Will an increase in oil demand from China following the end of its COVID-19 restrictions drive the price of oil higher? Tom Wilson reports on IEA projections that demand will reach new highs. He writes in the Financial Times:
Global oil demand is set to rise to an all-time high in 2023 as China relaxes its Covid-19 restrictions in a move that may push crude prices higher in the second half of the year, according to the International Energy Agency.
Demand for crude oil could rise 1.9mn barrels a day to reach a record 101.7mn b/d, while the evolving impact of western sanctions on Russia threatens to constrain supply, the IEA said in its first monthly oil report of 2023.
“Two wild cards dominate the 2023 oil market outlook: Russia and China,” the report said, adding that robust demand growth would tighten “the balances as Russian supply slows under the full impact of sanctions”.
Crude prices soared last year to near record highs amid fears of disruption to oil markets following Russia’s full invasion of Ukraine, but then fell back as Russian supply held up and an economic slowdown crimped demand, particularly in Europe.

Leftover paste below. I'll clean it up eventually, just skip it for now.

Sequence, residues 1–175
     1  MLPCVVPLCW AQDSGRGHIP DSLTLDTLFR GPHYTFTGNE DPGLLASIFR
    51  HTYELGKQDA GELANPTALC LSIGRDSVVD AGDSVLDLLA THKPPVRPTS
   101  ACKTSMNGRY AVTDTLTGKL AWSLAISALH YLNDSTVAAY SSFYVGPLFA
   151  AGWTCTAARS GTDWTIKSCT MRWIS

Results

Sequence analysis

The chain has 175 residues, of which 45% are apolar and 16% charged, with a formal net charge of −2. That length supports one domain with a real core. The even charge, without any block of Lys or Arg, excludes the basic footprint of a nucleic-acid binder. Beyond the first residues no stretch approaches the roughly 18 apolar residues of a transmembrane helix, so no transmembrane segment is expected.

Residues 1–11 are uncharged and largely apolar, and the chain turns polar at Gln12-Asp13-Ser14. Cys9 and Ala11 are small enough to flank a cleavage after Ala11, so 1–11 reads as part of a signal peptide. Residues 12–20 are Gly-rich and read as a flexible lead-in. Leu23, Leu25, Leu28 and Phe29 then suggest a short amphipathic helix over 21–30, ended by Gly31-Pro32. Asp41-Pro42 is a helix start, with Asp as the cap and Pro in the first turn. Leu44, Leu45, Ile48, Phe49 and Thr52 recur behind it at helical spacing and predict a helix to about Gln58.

The Paris-based IEA, which advises governments on energy policy, said Russian oil supply had “held steady” in December, at 11.2mn b/d, despite the introduction of EU sanctions on the import of Russian crude.
However, it forecast that the “well-supplied” global oil market at the start of the year could “quickly tighten” as western sanctions — particularly an EU ban on the import of refined Russian products from February 5 — take full effect.
Prices for Brent crude, the international benchmark, climbed 1.4 per cent on Wednesday morning to more than $87 a barrel.
Growing optimism that Chinese demand will recover this year has helped oil prices rally by around 10 per cent in the past week.
The IEA said nearly half of the forecast rise in oil consumption this year would come from China even though “the shape and speed” of the country’s reopening remained uncertain.
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